I like to tweak. I really really do. This should help you understand why I insist on running the Cooker version of Mandriva. BUT…due to certain structural changes in the kernel config (I assume) between the 2.6.18 and 2.6 19 versions, I have been unable to successfully take my vanilla (but customized) kernel past 22.214.171.124. Success means mostly everything works (I can sacrifice VMware Server, since I really only use Windows for Turbo Tax [see previous post if you’re really that interested]). The firewall, Xorg, networking, everything else, should work. I should mention now that every kernel I have run up to 126.96.36.199 has been heavily customized (by me) to strip out all the cruft I do not need. You know, token ring, ATM drivers, FDDI, etc. All gone. Took a while the first time, so thank God for “make oldconfig”. This worked right up until the 2.6.19 kernel, when I had lotsa problems.
Since 2.6.18 was running good enough, I just kept going with minor version patches up to 188.8.131.52. Attempts to go beyond 2.6.18.x ended badly, with me always crawling back to the “Old Faithful” kernel, regardless of which machine (mine, my son’s, or work) I tried it on. Something always failed to work as planned, with serious enough errors to be beyond my skill level to fix (which is not actually that hard, to be frank). Tonight, however, I resolved to upgrade beyond the 2.6.18 kernel, the easy way.
I could have simply looked at error logs, dmesg output, and (on the stable version) kept reconfiguring and recompiling until I got it right. Instead, I let Mandriva do the work for me by installing the Mandriva kernels via urpmi. I almost never use the GUI for installs anymore, since the command line is so much faster and simpler. I tried “urpmi kernel”, “urpmi 2.6.19”, “urpmi 2.6.20”, and “urpmi 2.6.21”, which listed all installable packages with that text in the names, until I found the kernel-linus- packages. Then I installed the 2.6.21-0.rc3.4mdv and matching source package, rebooted to the 2.6.21-0.rc3.4mdv kernel (“lilo -R 2.6.21-0.rc3.4mdv” and reboot), and quickly determined that the latest NVidia drivers would not install. I next used lynx to download the 2.6.20 kernel and the 2.6.21-rc4 patch, extracted the 2.6.20 tar.bz file into /usr/src, bunzipped the patch file, and patched the 2.6.20 kernel up to 2.6.21-rc4 (“patch -p1 < [patch file]). I also checked my /boot partition to compare sizes – my custom 184.108.40.206 kernel was about 1.3 MB – the new 2.6.21 kernel was 1.5 MB. Oh yeah – it is really important that the base kernel version (the “2.6.20” version) be used when patching to an RC version, so do not try this with 2.6.20.x, or attempts to patch will fail.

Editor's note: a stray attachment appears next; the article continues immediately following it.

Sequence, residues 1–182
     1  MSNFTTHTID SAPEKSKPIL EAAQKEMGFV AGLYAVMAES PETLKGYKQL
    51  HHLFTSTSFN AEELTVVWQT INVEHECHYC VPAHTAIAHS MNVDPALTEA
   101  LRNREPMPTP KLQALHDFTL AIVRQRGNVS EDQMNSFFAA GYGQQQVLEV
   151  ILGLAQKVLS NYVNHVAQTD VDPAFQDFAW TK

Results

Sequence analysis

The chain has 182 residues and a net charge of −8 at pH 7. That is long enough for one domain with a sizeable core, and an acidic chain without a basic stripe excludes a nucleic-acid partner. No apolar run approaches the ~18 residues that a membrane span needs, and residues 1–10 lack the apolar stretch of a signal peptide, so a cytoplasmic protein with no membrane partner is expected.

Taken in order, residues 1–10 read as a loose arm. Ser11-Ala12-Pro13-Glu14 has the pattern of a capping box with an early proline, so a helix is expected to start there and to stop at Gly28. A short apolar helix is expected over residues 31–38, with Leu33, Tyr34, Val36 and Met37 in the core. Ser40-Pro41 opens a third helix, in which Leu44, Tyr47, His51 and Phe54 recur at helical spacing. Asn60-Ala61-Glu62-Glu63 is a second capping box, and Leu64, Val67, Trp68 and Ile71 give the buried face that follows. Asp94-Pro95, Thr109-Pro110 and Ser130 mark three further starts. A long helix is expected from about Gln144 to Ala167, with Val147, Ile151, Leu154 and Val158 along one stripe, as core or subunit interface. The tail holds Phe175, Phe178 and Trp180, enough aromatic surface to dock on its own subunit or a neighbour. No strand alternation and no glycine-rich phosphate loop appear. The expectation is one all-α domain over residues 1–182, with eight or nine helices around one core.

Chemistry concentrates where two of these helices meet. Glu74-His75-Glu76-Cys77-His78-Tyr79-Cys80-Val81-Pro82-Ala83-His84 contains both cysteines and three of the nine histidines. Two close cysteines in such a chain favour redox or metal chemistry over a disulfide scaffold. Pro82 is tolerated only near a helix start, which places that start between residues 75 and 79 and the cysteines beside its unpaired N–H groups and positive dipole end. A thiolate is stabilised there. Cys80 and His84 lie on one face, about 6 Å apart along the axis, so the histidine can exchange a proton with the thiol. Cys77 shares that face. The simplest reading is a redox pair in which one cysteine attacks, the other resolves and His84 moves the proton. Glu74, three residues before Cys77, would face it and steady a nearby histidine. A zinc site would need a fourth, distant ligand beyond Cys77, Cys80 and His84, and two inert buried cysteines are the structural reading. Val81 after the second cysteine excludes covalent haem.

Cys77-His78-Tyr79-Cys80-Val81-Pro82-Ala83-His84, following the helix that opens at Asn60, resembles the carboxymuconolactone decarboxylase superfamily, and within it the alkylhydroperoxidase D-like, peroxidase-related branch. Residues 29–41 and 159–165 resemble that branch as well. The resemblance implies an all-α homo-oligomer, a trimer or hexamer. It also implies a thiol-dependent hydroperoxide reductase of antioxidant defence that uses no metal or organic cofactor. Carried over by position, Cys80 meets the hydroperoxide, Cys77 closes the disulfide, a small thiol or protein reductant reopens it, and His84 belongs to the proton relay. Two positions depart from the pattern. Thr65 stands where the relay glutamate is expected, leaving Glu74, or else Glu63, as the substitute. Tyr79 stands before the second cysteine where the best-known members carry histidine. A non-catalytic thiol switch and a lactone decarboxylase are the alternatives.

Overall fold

Anyway, after changing the soft link for Linux over to the new Linux source directory for 2.6.20 (“rm -f linux” and “ln -s linux-2.6.20 linux”), I cd’d into the linux directory, ran “make oldconfig”, “make && make modules && make modules_install && make install”, and waited. Once it finished (no errors), I rebooted on the new kernel, and all was well. It booted fine, and I was able to install the latest NVidia driver. I was unable to get VMWare Server (even the newest 1.0.2 version) to install, but this just means I won’t upgrade at work for a while. Everything else seems fine. I will try “make menuconfig” later on and dig through the kernel to see what cruft I can take out.
So basically, rather than troubleshoot this, I let Cooker fix the kernel issues I was having with my custom kernel, by giving me a fatter distro kernel config that I later used as a basis to install a new, non-custom vanilla kernel. This also kinda goes against my past post of upgrading vanilla kernels, but I probably would not have has so many problems if I had not tweaked my kernel as much as I did. Again, I’ll need to run through the new kernel and trim the fat, but at least I am on the newer version, which *should* make future upgrades go more smoothly, at least until big enough changes happen again <smirk>. The price of progress, I guess…